What Is a Case Study?
When you’re performing research as part of your job or for a school assignment, you’ll probably come across case studies that help you to learn more about the topic at hand. But what is a case study and why are they helpful? Read on to learn all about case studies.
At face value, a case study is a deep dive into a topic. Case studies can be found in many fields, particularly across the social sciences and medicine. When you conduct a case study, you create a body of research based on an inquiry and related data from analysis of a group, individual or controlled research environment.
As a researcher, you can benefit from the analysis of case studies similar to inquiries you’re currently studying. Researchers often rely on case studies to answer questions that basic information and standard diagnostics cannot address.
Study a Pattern
One of the main objectives of a case study is to find a pattern that answers whatever the initial inquiry seeks to find. This might be a question about why college students are prone to certain eating habits or what mental health problems afflict house fire survivors. The researcher then collects data, either through observation or data research, and starts connecting the dots to find underlying behaviors or impacts of the sample group’s behavior.
During the study period, the researcher gathers evidence to back the observed patterns and future claims that’ll be derived from the data. Since case studies are usually presented in the professional environment, it’s not enough to simply have a theory and observational notes to back up a claim. Instead, the researcher must provide evidence to support the body of study and the resulting conclusions.
As the study progresses, the researcher develops a solid case to present to peers or a governing body. Case study presentation is important because it legitimizes the body of research and opens the findings to a broader analysis that may end up drawing a conclusion that’s more true to the data than what one or two researchers might establish. The presentation might be formal or casual, depending on the case study itself.
Once the body of research is established, it’s time to draw conclusions from the case study. As with all social sciences studies, conclusions from one researcher shouldn’t necessarily be taken as gospel, but they’re helpful for advancing the body of knowledge in a given field. For that purpose, they’re an invaluable way of gathering new material and presenting ideas that others in the field can learn from and expand upon.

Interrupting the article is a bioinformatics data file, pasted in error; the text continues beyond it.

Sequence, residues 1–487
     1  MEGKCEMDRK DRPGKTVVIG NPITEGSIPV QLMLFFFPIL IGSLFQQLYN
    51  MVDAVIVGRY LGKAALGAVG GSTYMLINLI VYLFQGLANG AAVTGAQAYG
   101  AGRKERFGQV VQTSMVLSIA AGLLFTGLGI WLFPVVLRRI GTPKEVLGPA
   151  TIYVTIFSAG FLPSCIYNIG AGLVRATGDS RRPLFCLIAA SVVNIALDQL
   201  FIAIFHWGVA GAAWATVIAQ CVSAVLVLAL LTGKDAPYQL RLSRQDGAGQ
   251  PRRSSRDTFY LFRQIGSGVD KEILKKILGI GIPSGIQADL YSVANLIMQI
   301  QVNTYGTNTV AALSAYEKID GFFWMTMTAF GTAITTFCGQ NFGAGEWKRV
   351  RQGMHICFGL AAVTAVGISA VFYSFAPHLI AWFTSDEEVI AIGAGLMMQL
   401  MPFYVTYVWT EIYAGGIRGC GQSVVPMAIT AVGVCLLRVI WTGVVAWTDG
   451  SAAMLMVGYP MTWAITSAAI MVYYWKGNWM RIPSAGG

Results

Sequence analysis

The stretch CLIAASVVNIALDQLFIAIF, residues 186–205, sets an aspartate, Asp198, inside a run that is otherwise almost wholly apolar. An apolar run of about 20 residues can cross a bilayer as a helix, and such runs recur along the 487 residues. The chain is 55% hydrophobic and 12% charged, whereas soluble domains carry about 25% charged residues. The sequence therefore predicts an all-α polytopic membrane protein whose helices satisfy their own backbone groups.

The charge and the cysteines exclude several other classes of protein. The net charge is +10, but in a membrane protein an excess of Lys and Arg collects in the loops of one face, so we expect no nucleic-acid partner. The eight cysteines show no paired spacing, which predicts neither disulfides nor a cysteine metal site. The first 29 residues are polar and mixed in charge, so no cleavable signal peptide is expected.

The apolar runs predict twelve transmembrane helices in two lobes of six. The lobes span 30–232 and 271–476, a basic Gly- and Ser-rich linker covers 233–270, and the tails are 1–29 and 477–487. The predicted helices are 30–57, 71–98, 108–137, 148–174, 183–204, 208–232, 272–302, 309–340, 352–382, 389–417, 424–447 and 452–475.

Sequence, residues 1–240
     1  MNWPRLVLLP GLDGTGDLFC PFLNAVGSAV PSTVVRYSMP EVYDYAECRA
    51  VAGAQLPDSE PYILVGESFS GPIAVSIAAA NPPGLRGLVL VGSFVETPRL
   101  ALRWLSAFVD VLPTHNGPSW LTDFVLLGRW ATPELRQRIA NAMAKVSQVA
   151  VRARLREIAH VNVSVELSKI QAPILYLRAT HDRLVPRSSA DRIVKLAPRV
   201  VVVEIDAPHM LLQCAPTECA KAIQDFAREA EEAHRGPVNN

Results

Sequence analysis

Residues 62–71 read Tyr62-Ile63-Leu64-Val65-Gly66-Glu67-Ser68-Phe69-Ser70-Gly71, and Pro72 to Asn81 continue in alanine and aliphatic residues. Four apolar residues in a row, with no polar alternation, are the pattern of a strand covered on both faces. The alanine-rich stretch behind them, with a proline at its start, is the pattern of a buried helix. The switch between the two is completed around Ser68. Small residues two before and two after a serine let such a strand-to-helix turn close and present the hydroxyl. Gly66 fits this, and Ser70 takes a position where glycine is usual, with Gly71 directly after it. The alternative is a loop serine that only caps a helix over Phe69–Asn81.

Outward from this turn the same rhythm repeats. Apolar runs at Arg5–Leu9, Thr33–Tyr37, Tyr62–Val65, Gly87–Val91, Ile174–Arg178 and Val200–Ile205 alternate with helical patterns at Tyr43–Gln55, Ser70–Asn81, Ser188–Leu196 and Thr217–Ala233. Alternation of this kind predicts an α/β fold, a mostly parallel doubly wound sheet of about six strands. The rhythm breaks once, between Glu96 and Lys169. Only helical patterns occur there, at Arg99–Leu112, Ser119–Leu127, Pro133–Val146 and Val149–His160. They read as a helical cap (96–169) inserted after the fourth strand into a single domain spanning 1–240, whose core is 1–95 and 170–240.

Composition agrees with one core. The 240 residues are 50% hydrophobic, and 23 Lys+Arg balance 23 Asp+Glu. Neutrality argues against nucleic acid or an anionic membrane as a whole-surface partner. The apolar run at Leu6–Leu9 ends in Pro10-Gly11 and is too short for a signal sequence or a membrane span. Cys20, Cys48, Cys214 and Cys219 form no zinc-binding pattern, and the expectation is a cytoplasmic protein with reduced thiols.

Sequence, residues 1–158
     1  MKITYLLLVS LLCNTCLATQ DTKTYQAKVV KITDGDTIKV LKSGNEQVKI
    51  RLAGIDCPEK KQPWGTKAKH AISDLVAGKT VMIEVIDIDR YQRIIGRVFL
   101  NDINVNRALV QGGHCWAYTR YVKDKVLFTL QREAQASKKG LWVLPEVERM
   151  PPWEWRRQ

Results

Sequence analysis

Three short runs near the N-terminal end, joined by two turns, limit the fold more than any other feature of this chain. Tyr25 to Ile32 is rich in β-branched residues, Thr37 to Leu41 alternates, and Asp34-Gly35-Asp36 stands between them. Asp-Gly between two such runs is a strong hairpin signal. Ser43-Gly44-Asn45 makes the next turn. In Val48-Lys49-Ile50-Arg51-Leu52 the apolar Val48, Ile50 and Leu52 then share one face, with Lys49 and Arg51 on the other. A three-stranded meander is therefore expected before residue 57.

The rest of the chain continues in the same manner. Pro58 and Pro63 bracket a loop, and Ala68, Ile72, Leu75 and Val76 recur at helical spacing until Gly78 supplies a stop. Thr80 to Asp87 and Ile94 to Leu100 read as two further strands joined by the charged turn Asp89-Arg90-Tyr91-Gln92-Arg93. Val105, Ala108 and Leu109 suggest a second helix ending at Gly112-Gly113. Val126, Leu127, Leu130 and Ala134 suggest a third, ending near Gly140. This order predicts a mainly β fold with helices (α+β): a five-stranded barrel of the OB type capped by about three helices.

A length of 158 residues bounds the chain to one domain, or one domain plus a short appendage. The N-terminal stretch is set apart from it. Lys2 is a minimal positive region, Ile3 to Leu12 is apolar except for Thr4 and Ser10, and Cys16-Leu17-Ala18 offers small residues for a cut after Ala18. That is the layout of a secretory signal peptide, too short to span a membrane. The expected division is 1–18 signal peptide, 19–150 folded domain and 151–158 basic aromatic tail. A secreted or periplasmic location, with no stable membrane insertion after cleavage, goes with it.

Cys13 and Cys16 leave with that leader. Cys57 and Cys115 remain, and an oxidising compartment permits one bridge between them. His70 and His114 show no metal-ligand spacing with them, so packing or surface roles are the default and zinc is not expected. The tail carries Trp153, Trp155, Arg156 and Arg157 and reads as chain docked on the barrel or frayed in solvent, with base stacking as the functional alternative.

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Case Study Vs Grounded Theory
- Success Team
- January 19, 2023
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Case Study vs Grounded Theory: What’s the Difference?
When it comes to research methods, there are many to choose from. Two popular methods are case studies and grounded theory. But what are the differences between these two approaches? In this blog post, we’ll explore the differences between case study and grounded theory and how to choose the right approach for your research project.
What is a Case Study?
A case study is an in-depth exploration of a single person, group, event, or situation. It involves gathering information from a variety of sources including interviews, documents, and observations. The researcher uses the data to gain an understanding of the situation and draw conclusions.
Case studies are particularly useful in exploring complex issues and developing new theories. They can also be used to test existing theories or to identify patterns in a particular situation.
What is Grounded Theory?
Grounded theory is an approach to research that seeks to generate new theories from data collected through systematic observation, interviewing, and analysis. The researcher begins with a few broad questions and then collects data to refine the questions and develop a theory.
Unlike a case study, grounded theory is not focused on a single person, group, or situation. Instead, it seeks to identify patterns and relationships in a variety of data. The researcher then uses the data to develop a theory about the phenomena under study.
Which Method Should You Choose?
When deciding which method to use for your research project, consider the type of information you need and the research question you are trying to answer. If you need to gain an in-depth understanding of a single person, group, or situation, then a case study may be the right approach. If you need to identify patterns or relationships between different elements, then grounded theory may be a better approach.
Case studies and grounded theory are both valuable research methods that can provide valuable insights into complex issues. However, the most appropriate approach for your research project depends on the type of information you need and the research question you are trying to answer.
– Attride-Stirling, J. (2001). Thematic networks: An analytic tool for qualitative research. Qualitative Research, 1(3), 385-405.
– Bryant, A. & Charmaz, K. (Eds). (2007). The SAGE Handbook of Grounded Theory. Los Angeles: SAGE Publications.
– Corbin, J., & Strauss, A. (2014). Basics of Qualitative Research: Techniques and Procedures for Developing Grounded Theory (4th ed.). Thousand Oaks, CA: SAGE.
– Creswell, J. W. (2007). Qualitative inquiry and research design: Choosing among five approaches (2nd ed). Thousand Oaks, CA: SAGE.
– Eisenhardt, K. M. (1989). Building theories from case study research. The Academy of Management Review, 14(4), 532-550.
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